Flavius Josephus

February 19, 2009

Flavius Josephus was a famous Jewish historian of the first century, at the time of the destruction of the Second Temple. According to legend, during the Jewish-Roman war he was trapped in a cave with a group of forty soldiers surrounded by Romans. Preferring death to capture, the Jews decided to form a circle and, proceeding around it, to kill every third person remaining until no one was left. Josephus found the safe spot in the circle and thus stayed alive.

Write a function josephus(n,m) that returns a list of n people, numbered from 0 to n-1, in the order in which they are executed, every mth person in turn, with the sole survivor as the last person in the list. What is the value of josephus(41,3)? In what position did Josephus survive?

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Sudoku

February 19, 2009

Sudoku puzzles are a simple and popular amusement given as a nine-by-nine grid of cells, some of them containing digits:

7    
  2  
     
1    
     
    6
     
  1 5
3 9  
2    
  4  
     
  1 8
  9  
7 5  
     
  7  
    3
  7 8
5 6  
     
5    
     
    1
     
  4  
    2

The challenge is to fill the empty cells with the digits 1 through 9 in such a way that no row, column, or three-by-three sub-grid contains the same digit two or more times.

Write a program to solve sudoku puzzles; your program may assume the puzzle is well-formed. What is the solution of the above puzzle?

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Bingo

February 19, 2009

Bingo is a children’s game of chance, sometimes played by adults for fun or money. Each player has a card of numbers arranged in a five-by-five grid with five randomly-chosen numbers from 1 to 15 in the first column, from 16 to 30 in the second column, 31 to 45 in the third column, 46 to 60 in the fourth column, and 61 to 75 in the fifth column; the central space is “free” and is considered to be occupied. Then a caller randomly calls numbers from 1 to 75 without replacement, each player marking the corresponding number, if it is present on their card, as occupied. The first player to have five occupied numbers in a row horizontally, in a column vertically, or along either of the two major diagonals is the winner.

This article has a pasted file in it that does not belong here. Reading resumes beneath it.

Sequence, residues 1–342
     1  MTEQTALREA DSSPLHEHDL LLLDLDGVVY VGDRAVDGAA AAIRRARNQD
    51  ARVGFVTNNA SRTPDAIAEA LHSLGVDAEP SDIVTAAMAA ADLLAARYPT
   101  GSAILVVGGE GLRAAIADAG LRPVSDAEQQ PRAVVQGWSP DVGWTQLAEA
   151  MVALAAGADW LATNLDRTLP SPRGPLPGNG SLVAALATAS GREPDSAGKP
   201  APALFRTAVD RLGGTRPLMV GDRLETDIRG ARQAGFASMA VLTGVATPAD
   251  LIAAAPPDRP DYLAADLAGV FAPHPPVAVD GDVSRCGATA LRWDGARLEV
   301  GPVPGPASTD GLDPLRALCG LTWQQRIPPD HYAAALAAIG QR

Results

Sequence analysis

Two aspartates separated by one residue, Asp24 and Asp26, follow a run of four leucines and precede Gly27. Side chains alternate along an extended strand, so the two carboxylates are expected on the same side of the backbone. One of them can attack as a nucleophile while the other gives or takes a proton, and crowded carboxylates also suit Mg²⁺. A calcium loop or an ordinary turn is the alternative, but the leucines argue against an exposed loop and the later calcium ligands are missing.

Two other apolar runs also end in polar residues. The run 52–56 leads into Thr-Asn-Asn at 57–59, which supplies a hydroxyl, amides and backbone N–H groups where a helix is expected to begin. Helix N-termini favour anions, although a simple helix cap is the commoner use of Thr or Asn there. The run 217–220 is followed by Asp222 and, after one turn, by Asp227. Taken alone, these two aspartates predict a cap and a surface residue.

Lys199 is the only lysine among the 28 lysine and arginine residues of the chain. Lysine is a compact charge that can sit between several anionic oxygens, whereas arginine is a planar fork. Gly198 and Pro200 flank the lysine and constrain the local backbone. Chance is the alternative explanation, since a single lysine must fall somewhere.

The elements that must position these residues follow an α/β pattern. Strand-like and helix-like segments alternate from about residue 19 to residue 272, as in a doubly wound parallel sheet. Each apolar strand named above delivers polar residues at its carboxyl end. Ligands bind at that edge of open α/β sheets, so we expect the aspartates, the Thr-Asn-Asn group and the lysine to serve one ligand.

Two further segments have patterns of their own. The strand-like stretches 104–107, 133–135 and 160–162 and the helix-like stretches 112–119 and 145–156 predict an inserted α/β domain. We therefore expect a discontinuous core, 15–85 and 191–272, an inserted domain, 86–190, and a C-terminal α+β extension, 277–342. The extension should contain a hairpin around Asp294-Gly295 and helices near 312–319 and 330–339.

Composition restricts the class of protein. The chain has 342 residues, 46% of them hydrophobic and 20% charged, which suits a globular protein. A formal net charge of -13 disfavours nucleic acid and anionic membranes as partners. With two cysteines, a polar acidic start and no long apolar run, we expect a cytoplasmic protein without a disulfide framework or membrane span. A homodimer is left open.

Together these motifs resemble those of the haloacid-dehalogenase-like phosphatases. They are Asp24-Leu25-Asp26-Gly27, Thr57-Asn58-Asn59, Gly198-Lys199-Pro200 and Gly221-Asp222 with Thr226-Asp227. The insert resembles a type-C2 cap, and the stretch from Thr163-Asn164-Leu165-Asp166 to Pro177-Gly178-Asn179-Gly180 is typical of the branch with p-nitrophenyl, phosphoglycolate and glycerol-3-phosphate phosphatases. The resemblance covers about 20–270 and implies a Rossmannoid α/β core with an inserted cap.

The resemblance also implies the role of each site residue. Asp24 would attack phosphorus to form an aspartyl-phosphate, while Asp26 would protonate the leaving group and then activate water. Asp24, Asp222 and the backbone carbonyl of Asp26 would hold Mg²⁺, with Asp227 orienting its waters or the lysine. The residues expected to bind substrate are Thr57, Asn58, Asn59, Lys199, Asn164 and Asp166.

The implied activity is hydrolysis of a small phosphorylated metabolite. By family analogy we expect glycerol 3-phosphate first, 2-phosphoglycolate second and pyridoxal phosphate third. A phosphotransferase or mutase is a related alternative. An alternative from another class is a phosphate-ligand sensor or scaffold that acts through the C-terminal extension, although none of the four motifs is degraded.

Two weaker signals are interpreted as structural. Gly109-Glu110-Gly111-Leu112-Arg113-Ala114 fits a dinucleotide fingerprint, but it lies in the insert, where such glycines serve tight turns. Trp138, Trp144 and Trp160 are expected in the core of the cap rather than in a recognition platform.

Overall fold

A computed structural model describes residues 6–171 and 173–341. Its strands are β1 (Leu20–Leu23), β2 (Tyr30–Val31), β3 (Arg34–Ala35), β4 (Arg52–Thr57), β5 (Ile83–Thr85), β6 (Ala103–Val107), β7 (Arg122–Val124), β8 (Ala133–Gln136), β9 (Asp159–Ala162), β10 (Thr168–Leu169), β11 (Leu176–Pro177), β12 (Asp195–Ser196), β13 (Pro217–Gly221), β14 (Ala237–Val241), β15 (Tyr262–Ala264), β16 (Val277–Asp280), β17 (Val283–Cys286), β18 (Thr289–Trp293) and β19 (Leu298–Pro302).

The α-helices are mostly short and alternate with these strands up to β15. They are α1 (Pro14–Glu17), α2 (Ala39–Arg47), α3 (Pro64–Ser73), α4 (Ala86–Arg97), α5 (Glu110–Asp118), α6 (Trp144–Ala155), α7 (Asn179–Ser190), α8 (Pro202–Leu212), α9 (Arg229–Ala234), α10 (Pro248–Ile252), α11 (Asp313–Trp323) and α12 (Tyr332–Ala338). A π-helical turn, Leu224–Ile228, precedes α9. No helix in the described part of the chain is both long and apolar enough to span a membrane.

What is the average number of calls required before a single card achieves bingo? In a large game with five hundred cards in play, what is the average number of calls required before any card achieves bingo?

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Sieve of Eratosthenes

February 19, 2009

Over two millenia ago, Eratosthenes, who calculated the circumference of the earth, the distance to the Sun and the tilt of the Earth’s axis, developed a system of latitude and longitude, and invented the leap day, created a systematic method to enumerate the prime numbers that is still in use today. Eratosthenes was born in Cyrene (present-day Libya), lived from 276 B.C. to 194 B.C., and spent most of his life in Alexandria, Egypt, where he was the second Chief Librarian of the Great Library, succeeding Apollonius of Rhodes; he was a good friend of Archimedes.